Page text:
April 3, 2019
Lorrene Ritchie quoted in Washington Post about preferred dietary guidelines for children ages 0 to 2
A recent Washington Post article, What to feed your baby? New dietary guidelines weigh in on pregnant women, infants and young children featured quotes from Nutrition Policy institute Director Lorrene Ritchie. The article focused on the upcoming 2020 version of the Dietary Guidelines for Americans, which for the first time will attempt to provide strong, evidence-based recommendations for pregnant women, infants and young children. “There was a time when we did not view 0 to 2 as a target for obesity prevention,” said Lorrene Ritchie, a nutrition and nutrition policy specialist in Berkeley, Calif. “We felt young children were much better at self-regulating. Obesity is the canary in the coal mine for health. It’s kind of like the climate change of public health.” The article continues: “It is too early to say what specific recommendations the committee will make, but Ritchie would like to see: a preference for breast-feeding over formula and beginning to transition to solid foods at around 6 months, with a focus on a diet that is mostly plant-based, low in sugar, salt and fat. Another shortcoming of current guidelines, she says, is that they give no recommendations for the consumption of water. (Most other countries include water guidelines). Even infants beginning at 6 months should be exposed to water in a cup. Optimally, the only beverages children should drink are milk and water, no other beverages artificially or naturally sweetened,” she said.
March 26, 2019
NPI Brown Bag: Ken Hecht on the Child Nutrition and WIC Reauthorization Act
The Child Nutrition and WIC Reauthorization Act authorizes all of the federal school meal and child nutrition programs that provide funding to ensure that low-income children have access to healthy and nutritious foods. The child nutrition programs touch millions of children each day and improve educational achievement, economic security, nutrition and health. The Nutrition Policy Institute's Policy Director Ken Hecht leads a discussion on the Child Nutrition and WIC Reauthorization Act and potential changes to improve the current policy.
March 21, 2019
NPI Brown Bag: Hannah Thompson on the impact of litigation on physical education and student fitness in California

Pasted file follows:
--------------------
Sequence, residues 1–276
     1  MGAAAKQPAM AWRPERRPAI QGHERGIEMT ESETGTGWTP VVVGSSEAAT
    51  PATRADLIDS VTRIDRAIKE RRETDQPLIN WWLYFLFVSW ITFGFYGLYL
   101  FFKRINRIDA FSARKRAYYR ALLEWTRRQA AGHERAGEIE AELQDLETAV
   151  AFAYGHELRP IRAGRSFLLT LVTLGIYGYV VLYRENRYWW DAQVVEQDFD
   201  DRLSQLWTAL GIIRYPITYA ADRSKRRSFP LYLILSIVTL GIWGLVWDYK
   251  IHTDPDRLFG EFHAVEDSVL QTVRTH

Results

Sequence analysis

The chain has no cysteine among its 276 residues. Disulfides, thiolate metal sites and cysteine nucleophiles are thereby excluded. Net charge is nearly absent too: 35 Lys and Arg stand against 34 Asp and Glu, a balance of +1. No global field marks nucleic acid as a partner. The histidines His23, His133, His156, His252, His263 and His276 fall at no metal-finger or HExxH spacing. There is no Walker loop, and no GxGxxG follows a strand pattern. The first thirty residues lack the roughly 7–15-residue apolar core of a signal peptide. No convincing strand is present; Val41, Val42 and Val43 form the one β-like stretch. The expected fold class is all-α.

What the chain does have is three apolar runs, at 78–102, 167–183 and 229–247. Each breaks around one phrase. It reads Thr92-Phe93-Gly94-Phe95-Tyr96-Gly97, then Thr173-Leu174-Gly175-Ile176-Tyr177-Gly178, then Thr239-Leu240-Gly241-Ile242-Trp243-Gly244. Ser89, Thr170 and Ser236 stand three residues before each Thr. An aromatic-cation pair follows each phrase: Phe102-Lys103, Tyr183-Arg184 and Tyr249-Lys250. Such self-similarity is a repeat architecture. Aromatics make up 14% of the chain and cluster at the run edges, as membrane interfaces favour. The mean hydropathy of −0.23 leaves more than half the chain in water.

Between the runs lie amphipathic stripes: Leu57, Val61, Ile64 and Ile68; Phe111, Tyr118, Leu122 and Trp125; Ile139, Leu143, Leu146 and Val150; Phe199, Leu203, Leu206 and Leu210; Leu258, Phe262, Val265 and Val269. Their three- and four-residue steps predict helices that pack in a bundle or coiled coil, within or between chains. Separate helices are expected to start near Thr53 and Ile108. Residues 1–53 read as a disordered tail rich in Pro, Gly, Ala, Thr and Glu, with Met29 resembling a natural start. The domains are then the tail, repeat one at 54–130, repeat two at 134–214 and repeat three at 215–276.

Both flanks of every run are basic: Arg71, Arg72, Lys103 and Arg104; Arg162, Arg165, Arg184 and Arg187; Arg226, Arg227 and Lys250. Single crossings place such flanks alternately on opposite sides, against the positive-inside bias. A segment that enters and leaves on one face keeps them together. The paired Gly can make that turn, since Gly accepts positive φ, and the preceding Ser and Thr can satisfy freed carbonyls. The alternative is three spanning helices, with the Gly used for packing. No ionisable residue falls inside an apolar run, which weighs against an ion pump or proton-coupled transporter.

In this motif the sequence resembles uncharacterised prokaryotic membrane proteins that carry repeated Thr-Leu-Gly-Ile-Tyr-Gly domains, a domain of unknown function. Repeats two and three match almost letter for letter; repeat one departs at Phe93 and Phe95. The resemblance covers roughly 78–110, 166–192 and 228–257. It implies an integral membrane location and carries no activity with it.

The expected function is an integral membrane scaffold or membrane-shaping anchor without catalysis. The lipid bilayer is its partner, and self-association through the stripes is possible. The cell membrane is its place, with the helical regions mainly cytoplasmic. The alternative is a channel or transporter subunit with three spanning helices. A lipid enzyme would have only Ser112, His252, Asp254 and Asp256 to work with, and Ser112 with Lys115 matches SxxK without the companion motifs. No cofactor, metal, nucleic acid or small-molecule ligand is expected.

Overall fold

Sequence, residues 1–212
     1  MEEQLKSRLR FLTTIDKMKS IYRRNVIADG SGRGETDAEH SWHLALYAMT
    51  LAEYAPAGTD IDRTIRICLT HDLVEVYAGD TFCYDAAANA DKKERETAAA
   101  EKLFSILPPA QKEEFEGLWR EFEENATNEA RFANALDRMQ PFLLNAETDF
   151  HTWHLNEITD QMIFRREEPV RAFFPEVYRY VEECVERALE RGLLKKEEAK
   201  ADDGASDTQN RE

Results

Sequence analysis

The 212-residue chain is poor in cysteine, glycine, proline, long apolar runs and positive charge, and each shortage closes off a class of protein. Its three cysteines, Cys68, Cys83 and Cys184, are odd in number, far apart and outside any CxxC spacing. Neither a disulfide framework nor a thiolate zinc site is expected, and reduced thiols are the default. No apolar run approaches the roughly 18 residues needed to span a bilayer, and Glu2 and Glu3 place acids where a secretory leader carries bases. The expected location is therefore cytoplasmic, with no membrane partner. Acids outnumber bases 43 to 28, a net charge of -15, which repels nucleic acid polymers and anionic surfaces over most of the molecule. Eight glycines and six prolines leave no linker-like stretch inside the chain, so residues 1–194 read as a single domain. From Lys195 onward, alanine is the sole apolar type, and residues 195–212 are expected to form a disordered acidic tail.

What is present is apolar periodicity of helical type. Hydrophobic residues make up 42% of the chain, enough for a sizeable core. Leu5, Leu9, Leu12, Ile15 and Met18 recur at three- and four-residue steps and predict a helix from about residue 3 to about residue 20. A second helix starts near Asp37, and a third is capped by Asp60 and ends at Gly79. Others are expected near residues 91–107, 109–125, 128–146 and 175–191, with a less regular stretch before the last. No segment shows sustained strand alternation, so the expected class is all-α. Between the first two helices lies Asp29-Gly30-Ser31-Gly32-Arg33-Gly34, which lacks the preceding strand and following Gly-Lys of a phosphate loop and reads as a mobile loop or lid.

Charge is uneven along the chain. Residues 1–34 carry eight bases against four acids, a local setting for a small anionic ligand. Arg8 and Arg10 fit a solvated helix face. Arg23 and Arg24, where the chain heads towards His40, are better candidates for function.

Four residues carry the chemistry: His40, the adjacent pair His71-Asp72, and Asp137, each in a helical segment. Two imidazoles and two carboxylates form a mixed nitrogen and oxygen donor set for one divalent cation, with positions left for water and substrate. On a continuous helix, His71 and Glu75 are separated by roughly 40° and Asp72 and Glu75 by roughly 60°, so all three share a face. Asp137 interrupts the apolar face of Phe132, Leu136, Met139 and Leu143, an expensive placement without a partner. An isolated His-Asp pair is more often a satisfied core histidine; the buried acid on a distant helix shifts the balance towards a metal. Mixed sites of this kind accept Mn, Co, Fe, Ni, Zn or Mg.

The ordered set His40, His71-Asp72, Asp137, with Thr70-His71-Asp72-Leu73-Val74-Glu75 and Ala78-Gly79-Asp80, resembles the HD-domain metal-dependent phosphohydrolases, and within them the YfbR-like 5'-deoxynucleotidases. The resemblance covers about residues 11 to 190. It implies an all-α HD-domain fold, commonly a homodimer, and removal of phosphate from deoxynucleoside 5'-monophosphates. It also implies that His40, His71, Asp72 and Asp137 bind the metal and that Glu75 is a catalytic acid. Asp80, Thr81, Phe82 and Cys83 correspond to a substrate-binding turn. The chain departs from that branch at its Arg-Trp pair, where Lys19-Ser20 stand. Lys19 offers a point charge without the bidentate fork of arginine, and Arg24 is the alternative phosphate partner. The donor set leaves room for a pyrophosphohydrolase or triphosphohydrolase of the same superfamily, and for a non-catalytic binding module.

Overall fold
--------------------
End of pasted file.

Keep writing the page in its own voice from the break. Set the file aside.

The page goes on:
Hannah Thompson PhD, MPH is a research scientist at the UC Berkeley School of Public Health and an affiliated researcher at the UC ANR Nutrition Policy Institute. Her expertise is in the evaluation of programs related to physical activity and obesity. Her research focuses on identifying best practices to improve health outcomes, with a focus on children in communities at highest risk for inactivity and poor health. In this talk, she will discuss the benefits and limitations of using litigation to change educational practices and improve student health. Litigation has recently been used in California in an attempt to increase physical education (PE) provision in schools; several lawsuits have been filed against 129 school districts found to be noncompliant with state PE law. Thompson will cover findings from two Robert Wood Johnson Foundation-funded studies examining 1) districts’ and schools’ perceptions of the lawsuits' impact on PE quantity and quality, as well as the unintended consequences of a litigious approach, and 2) the impact of these lawsuits on students' cardiorespiratory fitness.
March 13 - 15, 2019
Nutrition Policy Institute presents at Healthy Eating Research annual grantee meeting
Nutrition Policy Institute staff attends the 13th annual grantee meeting organized by Healthy Eating Research (HER) in Detroit, Michigan, to present their research funded by HER. Lorrene Ritchie PhD, RD, director of NPI, presents with NPI Policy Analyst Dani Lee on “Infant Nutrition in California Child Care Centers and Homes Prior to Implementation of New CACFP Standards.” NPI Assistant Researcher Lauren Au PhD, RD, discusses “Diet Quality of U.S. Infants and Toddlers 7-24 Months Old in the WIC Infant and Toddler Feeding Practices Study-2,” and “School Nutrition Successes and Opportunities for Improvement Post Healthy Hunger-Free Kids Act: The Healthy Communities Study.” NPI Senior Policy Analyst Christina Hecht PhD presents with Angie Craddock ScD, MPE of the Harvard T.H. Chan School of Public Health on “Early Adopters: Current Practices and Preliminary Findings in States Adopting School-Based Water Quality Testing Programs.” Hecht also presents with Anisha Patel MD, MSPH, MSHS of Stanford University on “Testing Drinking Water in California Public Schools for Lead and Other Contaminants in the Context of an Obesity-Prevention Strategy.” Healthy Eating Research is a national program of the Robert Wood Johnson Foundation (RWJF) that supports research on environmental and policy strategies that have strong potential to promote healthy eating among children, especially among lower-income and racial and ethnic populations at highest risk for obesity. Research is conducted in order to advance RWJF’s efforts to reverse the childhood obesity epidemic and help all children in the United States to grow up at a healthy weight.